For the first time, researchers have found evidence of tiny particles of carbon, typically created by burning fossil fuels, in placentas.
Previous research indicated links between pregnant mothers' exposure to air pollution and premature birth, low birth weight, infant mortality and childhood respiratory problems. The new study, however, adds to existing evidence on the dangers of pollution for unborn babies and suggests that when pregnant women breathe polluted air, sooty particles are able to reach the placenta via the bloodstream.
The work was presented by Dr. Norrice Liu, and Dr. Lisa Miyashita, who said, "We've known for a while that air pollution affects foetal development and can continue to affect babies after birth and throughout their lives."
The team studied a total of 3,500 placental macrophage cells from the five placentas and examined them under a high-powered microscope. They found 60 cells that between them contained 72 small black areas that researchers believe were carbon particles. On average, each placenta contained around five square micrometres of this black substance.
They went on to study the placental macrophages from two placentas in greater details using an electron microscope and again found material that they believe was made up of tiny carbon particles.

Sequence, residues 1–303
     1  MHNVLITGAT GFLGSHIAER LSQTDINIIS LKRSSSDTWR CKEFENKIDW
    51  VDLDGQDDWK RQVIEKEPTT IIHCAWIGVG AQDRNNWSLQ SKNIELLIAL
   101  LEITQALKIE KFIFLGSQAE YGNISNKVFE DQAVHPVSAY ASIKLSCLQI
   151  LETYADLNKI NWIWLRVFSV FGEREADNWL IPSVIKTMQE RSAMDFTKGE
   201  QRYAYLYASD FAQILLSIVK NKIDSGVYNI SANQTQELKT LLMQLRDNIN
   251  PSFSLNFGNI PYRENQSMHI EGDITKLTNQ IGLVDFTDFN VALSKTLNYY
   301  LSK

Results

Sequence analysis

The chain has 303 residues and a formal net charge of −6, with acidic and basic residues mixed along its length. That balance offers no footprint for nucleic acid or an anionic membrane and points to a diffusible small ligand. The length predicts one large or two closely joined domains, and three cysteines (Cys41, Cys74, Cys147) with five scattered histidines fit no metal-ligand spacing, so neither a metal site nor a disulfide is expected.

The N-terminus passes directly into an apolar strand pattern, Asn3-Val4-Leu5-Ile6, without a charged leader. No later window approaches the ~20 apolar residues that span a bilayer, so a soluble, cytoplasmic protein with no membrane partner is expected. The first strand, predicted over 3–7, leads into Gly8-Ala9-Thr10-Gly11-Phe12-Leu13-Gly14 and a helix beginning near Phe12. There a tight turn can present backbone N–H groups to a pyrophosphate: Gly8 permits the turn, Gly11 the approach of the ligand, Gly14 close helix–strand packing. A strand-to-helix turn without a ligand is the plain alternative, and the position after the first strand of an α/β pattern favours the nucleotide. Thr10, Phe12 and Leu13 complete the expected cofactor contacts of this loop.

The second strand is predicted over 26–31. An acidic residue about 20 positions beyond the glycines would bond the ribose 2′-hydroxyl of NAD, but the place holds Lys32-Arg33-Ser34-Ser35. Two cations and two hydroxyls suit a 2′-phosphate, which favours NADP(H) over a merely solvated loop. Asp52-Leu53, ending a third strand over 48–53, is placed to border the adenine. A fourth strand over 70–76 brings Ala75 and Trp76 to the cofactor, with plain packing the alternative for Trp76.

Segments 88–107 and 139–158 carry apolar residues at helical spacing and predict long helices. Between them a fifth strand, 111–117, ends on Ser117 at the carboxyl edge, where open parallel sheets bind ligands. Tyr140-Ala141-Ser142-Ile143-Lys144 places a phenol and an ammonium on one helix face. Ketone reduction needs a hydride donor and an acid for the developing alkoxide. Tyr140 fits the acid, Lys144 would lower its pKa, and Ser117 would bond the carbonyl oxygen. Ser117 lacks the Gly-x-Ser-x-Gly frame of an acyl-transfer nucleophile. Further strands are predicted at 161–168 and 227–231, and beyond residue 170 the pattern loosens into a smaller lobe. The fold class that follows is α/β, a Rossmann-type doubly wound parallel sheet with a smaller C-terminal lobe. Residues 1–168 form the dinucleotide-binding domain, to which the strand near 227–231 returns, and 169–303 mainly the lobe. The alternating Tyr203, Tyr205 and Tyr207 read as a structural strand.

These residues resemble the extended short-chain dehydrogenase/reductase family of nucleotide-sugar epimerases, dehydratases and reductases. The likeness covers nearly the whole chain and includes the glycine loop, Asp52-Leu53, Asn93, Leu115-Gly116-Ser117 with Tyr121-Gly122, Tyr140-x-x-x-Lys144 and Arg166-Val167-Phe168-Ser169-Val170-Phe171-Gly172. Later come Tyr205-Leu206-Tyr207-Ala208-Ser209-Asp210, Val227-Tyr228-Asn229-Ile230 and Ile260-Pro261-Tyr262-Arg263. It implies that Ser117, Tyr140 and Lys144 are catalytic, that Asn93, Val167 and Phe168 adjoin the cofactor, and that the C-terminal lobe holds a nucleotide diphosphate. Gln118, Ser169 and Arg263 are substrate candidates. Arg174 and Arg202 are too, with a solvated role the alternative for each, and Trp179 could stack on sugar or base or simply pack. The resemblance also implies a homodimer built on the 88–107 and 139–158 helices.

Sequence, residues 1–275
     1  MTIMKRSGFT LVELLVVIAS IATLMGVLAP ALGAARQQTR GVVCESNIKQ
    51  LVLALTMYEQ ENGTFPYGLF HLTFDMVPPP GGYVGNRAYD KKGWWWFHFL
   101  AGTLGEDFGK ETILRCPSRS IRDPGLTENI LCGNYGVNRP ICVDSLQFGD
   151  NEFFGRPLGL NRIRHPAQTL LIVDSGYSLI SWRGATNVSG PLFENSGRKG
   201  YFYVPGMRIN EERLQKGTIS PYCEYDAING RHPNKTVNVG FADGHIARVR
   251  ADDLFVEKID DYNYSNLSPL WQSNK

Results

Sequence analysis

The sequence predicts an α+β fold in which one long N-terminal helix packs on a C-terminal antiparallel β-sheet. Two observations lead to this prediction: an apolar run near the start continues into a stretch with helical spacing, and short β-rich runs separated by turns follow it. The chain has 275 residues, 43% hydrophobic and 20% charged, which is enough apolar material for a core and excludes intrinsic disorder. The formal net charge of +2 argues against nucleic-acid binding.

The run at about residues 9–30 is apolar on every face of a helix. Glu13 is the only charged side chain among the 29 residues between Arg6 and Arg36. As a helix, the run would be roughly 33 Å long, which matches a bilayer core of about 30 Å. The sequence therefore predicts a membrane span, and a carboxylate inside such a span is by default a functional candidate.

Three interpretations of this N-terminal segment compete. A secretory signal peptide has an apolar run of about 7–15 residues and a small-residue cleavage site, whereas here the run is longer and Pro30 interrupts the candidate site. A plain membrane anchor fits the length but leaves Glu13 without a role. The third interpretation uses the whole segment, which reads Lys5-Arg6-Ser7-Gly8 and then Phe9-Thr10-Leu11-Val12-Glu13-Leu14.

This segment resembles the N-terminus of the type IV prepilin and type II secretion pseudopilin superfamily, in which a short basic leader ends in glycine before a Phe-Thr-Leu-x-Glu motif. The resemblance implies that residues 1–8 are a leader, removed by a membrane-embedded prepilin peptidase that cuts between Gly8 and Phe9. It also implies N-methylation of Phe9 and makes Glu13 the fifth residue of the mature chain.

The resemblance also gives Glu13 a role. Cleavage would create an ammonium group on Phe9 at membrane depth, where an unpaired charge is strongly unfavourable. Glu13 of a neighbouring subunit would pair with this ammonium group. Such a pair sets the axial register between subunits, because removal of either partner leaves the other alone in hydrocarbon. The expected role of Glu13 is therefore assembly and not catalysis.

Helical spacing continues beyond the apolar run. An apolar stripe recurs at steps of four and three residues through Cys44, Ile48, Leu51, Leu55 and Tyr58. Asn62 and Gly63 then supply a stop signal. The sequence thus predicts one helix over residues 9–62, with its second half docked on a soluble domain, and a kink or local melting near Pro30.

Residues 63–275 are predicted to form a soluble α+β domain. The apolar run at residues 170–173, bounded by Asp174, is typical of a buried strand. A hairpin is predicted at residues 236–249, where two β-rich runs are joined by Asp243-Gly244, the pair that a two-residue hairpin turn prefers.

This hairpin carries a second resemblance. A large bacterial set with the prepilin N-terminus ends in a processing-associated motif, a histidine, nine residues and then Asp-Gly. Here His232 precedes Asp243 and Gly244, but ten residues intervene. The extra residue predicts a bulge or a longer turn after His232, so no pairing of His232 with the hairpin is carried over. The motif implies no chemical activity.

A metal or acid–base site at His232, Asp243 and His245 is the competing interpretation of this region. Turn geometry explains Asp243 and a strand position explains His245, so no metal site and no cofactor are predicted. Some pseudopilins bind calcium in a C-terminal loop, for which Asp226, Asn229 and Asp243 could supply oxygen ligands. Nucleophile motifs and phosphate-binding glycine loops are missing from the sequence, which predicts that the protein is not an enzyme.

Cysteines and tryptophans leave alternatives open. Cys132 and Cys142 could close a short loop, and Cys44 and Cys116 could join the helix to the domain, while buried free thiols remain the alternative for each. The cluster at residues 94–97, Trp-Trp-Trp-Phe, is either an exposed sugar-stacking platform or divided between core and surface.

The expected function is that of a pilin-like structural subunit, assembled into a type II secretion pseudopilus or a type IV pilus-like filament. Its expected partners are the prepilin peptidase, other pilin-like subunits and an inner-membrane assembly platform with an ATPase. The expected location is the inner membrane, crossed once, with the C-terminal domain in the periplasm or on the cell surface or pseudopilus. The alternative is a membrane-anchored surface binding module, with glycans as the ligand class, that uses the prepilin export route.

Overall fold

The results provided the first evidence that inhaled pollution particles can move from the lungs into the circulation and then to the placenta.
Professor Mina Gaga, President of the European Respiratory Society said, "Previous research shows that pregnant women living in polluted cities are more prone to pregnancy issues such as restricted foetal growth, premature birth, and low birth weight babies. The evidence suggests that an increased risk of low birth weight can happen even at levels of pollution that are lower than the European Union recommended annual limit."
This new research suggests a possible mechanism for how babies are affected by pollution while being theoretically protected in the womb. This should raise awareness amongst clinicians and the public regarding the harmful effects of air pollution in pregnant women.
The research was presented at the European Respiratory Society International Congress 2018.
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